How does one invest with such an outlook as this for the dollar and interest rates? Let’s go over a few intermarket points first:
- The U.S. dollar trends inversely to commodities
- Commodities rise with interest rates due to inflation expectations, while bond prices fall
- Falling bond prices are normally bad for stocks near economic cyclical peaks
- We are currently in an economic recovery
- High interest rates support the dollar while low interest rates do not
Predicated on continued economic recovery, and given the current interest rate environment, commodities and stocks should continue to perform while bonds should underperform. Concerning stocks, I believe mid to late-cycle sectors such as industrials and energy should do well. Where else can an investor find high dividend yields and low P/E multiples but in energy stocks? Technology tends to do well at the beginning stage of a recovery (2009) and market performs in the midst of a recovery.
Any bond portfolio will want to hedge against interest rate risk through various open or closed mutual funds that aim to achieve that objective. Even in the bond asset class, corporate bonds should outperform most bond metrics due to the economic recovery.
Concerning commodities, I’ve turned from bullish to neutral on precious metals based on a rally in the dollar. On the other side of the commodity spectrum, I think the outlook for basic materials and energy should continue to perform as the economy improves. While the dollar rallied in December, precious metals fell while energy and basic materials held their ground. I think 2010 will be much of the same barring any new financial, economic, or political crisis that could spark a flight towards gold.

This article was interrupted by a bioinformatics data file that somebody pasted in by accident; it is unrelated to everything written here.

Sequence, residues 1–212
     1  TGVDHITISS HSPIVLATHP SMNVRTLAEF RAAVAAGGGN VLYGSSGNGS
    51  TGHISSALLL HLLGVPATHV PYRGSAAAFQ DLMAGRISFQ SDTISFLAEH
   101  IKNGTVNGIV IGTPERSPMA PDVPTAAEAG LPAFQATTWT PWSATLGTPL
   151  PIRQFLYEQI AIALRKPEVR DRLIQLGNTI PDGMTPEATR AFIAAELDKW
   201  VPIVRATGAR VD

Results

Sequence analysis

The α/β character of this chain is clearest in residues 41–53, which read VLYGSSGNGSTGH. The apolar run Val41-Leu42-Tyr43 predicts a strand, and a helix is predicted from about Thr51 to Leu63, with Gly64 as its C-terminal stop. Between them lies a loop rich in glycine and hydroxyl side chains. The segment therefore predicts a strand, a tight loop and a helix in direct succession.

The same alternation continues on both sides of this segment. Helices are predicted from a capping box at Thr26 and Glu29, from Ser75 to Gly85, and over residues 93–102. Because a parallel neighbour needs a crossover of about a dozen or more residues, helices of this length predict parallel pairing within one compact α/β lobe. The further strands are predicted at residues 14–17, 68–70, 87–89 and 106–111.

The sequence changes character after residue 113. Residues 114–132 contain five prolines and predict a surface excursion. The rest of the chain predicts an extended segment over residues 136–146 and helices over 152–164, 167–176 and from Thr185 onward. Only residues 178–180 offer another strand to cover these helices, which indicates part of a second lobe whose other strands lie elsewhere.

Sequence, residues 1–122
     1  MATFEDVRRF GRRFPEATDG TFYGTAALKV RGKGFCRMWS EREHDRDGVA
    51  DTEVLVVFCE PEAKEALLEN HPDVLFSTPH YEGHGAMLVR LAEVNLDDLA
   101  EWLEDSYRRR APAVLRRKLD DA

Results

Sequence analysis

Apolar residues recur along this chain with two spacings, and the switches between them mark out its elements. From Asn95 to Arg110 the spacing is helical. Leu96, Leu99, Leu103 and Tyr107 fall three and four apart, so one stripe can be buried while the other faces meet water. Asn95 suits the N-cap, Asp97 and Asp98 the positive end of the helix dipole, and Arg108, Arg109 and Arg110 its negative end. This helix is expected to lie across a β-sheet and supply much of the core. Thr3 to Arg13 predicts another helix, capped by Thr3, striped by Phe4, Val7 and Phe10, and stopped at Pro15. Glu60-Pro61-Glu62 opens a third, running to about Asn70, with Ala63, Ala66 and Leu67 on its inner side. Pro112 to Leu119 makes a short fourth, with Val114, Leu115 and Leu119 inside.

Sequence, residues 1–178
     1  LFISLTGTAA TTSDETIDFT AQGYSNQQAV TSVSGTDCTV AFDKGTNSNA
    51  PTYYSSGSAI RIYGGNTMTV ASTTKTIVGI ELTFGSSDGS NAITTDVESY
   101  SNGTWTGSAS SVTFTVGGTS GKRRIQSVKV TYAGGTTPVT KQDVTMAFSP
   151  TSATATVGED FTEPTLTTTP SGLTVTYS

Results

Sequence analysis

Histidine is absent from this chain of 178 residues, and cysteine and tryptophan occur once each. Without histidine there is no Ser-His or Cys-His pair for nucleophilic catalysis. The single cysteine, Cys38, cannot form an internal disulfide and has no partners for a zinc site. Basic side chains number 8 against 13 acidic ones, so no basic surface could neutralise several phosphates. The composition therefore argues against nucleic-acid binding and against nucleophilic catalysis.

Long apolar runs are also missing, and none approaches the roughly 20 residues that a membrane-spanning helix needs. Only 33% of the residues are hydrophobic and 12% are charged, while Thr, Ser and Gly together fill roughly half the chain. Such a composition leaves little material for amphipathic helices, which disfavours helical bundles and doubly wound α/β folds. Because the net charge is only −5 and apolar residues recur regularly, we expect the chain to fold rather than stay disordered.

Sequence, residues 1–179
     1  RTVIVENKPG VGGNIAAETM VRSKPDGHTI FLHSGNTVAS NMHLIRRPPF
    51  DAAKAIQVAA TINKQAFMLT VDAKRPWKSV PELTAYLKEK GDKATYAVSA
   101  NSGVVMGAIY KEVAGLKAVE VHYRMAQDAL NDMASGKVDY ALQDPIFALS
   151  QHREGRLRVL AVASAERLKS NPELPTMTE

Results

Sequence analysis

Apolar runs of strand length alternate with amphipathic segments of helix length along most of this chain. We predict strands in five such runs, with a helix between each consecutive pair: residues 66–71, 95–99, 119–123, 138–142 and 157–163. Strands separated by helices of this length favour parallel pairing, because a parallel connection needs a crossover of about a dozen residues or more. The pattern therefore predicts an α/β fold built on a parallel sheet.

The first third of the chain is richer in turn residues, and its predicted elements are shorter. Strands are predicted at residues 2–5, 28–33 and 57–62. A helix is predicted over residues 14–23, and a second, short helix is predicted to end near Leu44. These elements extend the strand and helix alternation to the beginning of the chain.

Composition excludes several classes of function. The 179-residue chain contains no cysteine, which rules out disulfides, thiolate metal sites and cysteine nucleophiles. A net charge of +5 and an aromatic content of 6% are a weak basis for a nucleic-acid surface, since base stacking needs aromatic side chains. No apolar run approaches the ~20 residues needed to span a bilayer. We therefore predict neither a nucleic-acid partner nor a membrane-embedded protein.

The financial markets act as a discounting mechanism. They are currently telling us that we are in the midst of an economic recovery with the stock and commodity rally we saw in 2009 along with the current steep yield curve. Price to earnings multiples have expanded without the accompanying rise in earnings. 2010 will be a year for earnings to catch up to price (underlined for emphasis). If earnings do not catch up, well then Houston, we’ve got a problem. The financial markets are also telling us that we may have seen a trough in interest rates as the Federal Reserve Bank begins to remove its overly accommodative monetary policy in 2010. The change in monetary policy will likely cap any substantial chance the stock market has to continue its trend much higher. 2010 looks to be a range-bounded market much like we saw in 2004. Additionally, higher rates will not help the housing market that got us into this mess in the first place as a significant portion of adjustable rate mortgages reset in 2010. It will be interesting to see in 2010 just how much accommodation the Federal Reserve Bank will remove from its mortgage-backed security purchases as bond investors drive rates higher.
1 Bond Basics. PIMCO. June 2006 http://www.pimco.com/LeftNav/Bond+Basics/2006/Yield_Curve_Basics.htm
2 Levine, Deborah. Treasury yields to rise in 2010, dealers say. Market Watch, December 30, 2009 (accessed January 4, 2010). http://www.marketwatch.com/story/treasury-yields-to-rise-in-2010-dealers-say-2009-12-3
© 2010 Ryan Puplava